Law Religion Culture Review

Exploring the intersections of law, religion and culture. Copyright by Richard J. Radcliffe. All rights reserved.

Sunday, November 16, 2008

Where's Mauricio?

As I was waiting for my probate trial to begin last week, I was treated to witnessing dueling applications for temporary restraining orders (TRO).

Two women, who evidently had been fighting over a man, named Mauricio, filed applications for TROs against each other. At one point, the judge kept asking one what specifically the other had done to threaten her.

Applicant: "She is causing me so much stress!"

Judge: "I asked for actions, what she did. Now, tell me what did she DO?"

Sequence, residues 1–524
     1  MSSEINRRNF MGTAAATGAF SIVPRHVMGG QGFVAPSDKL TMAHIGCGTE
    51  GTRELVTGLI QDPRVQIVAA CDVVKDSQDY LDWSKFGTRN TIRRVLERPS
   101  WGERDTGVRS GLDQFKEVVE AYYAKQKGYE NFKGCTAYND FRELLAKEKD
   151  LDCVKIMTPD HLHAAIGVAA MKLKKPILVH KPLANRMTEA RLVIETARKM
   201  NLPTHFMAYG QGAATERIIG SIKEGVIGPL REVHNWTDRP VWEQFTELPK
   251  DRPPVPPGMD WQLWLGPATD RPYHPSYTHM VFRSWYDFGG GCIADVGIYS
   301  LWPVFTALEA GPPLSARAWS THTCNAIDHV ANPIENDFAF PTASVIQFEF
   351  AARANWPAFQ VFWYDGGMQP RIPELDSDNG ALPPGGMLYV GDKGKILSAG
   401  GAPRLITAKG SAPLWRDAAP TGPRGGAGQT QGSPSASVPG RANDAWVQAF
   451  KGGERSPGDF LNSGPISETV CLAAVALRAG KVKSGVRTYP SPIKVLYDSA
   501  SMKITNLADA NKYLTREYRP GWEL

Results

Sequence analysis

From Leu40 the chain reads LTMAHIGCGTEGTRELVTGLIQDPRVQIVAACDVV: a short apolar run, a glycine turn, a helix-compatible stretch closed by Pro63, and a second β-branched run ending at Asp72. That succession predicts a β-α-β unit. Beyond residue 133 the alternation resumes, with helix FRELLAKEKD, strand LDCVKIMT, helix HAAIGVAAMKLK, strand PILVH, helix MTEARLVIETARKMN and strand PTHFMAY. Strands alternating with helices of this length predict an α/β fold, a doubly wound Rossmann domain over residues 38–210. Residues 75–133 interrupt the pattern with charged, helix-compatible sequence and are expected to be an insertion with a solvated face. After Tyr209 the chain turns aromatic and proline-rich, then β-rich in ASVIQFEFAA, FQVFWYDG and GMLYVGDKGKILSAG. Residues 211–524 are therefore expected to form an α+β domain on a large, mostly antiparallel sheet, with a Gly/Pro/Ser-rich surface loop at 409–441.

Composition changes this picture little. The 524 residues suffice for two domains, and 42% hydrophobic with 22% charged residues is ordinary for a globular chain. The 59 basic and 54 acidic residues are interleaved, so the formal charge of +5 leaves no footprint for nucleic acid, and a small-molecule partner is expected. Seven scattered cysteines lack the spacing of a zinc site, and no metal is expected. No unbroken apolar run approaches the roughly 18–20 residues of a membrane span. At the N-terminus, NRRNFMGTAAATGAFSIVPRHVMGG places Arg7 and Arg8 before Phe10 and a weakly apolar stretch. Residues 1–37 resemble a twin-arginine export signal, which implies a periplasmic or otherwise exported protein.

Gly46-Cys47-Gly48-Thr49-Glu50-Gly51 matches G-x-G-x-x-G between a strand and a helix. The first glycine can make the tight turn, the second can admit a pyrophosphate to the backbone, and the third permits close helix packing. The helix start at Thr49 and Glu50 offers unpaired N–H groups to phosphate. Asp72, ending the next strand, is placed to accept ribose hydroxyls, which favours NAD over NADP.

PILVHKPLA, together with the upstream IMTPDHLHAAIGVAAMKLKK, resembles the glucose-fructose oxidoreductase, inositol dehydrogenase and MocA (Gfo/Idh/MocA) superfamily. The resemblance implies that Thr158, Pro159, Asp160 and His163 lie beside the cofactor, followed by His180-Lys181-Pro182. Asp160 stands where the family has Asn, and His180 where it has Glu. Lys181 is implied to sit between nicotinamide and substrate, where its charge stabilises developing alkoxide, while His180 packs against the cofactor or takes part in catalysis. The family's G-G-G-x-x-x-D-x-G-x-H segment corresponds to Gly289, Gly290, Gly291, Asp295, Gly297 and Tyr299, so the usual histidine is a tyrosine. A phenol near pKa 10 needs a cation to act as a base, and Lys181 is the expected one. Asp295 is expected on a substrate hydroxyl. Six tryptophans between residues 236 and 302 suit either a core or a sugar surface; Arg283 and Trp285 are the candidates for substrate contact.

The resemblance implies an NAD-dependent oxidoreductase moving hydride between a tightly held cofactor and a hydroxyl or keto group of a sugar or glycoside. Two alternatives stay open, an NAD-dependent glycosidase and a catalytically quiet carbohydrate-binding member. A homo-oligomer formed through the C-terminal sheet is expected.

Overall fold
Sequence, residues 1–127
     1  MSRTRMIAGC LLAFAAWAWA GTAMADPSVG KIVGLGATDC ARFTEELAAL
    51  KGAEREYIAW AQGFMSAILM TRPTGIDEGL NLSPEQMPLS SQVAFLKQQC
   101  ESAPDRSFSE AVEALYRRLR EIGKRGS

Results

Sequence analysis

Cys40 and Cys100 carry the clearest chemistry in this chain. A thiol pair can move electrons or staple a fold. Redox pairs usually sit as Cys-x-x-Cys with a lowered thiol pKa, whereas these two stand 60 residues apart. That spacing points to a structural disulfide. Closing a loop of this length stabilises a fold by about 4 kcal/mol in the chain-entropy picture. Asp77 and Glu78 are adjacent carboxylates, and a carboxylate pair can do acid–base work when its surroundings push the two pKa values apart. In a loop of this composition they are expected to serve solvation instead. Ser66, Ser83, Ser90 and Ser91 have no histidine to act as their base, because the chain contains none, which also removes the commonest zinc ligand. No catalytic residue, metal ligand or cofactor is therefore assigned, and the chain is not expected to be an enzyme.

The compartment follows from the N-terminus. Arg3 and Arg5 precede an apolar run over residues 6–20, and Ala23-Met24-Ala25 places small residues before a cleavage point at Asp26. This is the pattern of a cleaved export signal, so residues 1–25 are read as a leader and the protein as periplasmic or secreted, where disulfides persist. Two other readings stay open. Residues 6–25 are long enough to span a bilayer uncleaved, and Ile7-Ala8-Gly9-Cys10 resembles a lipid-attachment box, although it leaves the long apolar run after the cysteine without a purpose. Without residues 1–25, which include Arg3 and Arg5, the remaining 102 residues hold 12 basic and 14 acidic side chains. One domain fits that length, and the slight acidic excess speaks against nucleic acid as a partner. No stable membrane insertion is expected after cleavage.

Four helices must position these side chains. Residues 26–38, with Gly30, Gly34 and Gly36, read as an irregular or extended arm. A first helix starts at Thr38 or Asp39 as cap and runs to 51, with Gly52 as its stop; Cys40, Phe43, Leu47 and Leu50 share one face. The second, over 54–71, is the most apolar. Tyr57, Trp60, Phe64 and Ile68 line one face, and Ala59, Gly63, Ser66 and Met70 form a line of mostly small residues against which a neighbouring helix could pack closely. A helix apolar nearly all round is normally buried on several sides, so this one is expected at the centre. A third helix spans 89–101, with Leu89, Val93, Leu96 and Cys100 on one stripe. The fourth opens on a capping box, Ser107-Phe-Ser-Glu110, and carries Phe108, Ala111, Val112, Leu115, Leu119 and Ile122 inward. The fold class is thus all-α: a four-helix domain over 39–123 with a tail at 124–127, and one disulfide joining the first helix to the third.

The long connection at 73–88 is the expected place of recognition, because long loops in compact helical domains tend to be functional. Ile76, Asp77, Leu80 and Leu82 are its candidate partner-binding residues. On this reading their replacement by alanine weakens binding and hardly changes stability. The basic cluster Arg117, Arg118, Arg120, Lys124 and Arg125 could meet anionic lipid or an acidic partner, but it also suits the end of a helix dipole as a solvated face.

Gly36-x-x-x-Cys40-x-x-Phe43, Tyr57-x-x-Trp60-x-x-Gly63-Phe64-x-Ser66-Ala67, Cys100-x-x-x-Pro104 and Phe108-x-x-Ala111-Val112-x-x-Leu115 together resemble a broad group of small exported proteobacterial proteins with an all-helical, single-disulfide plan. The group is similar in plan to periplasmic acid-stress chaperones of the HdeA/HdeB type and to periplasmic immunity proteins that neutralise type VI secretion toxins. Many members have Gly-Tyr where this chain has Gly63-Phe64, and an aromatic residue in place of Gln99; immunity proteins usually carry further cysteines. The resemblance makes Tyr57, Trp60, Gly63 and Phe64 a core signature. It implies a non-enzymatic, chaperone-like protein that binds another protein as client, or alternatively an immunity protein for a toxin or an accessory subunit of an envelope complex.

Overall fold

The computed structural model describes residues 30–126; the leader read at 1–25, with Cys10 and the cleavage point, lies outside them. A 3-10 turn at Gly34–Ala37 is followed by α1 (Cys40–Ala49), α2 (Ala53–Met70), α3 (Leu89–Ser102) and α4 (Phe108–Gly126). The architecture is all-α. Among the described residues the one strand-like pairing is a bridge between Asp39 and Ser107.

Applicant: "She is a horrible person."

Judge: "Please do not give me characterizations. What specifically has she done that you want to stop."

Applicant: "She's making my life extremely stressful!"

Judge: "Alright. I have heard enough. I have repeatedly asked each of you to give me evidence, any evidence, that justifies my enjoining the freedom of the other.

"People generally enjoy freedom of movement in this country. I am reluctant to interfere with that freedom unless one of the statutory reasons is implicated. You have given me nothing to work with. This is just DRAMA. Stop it!

"I have one further observation. I don't know who Mauricio is. But I can tell you he is a very smart man for not coming here today."

The judge gets the Solomon award for the week.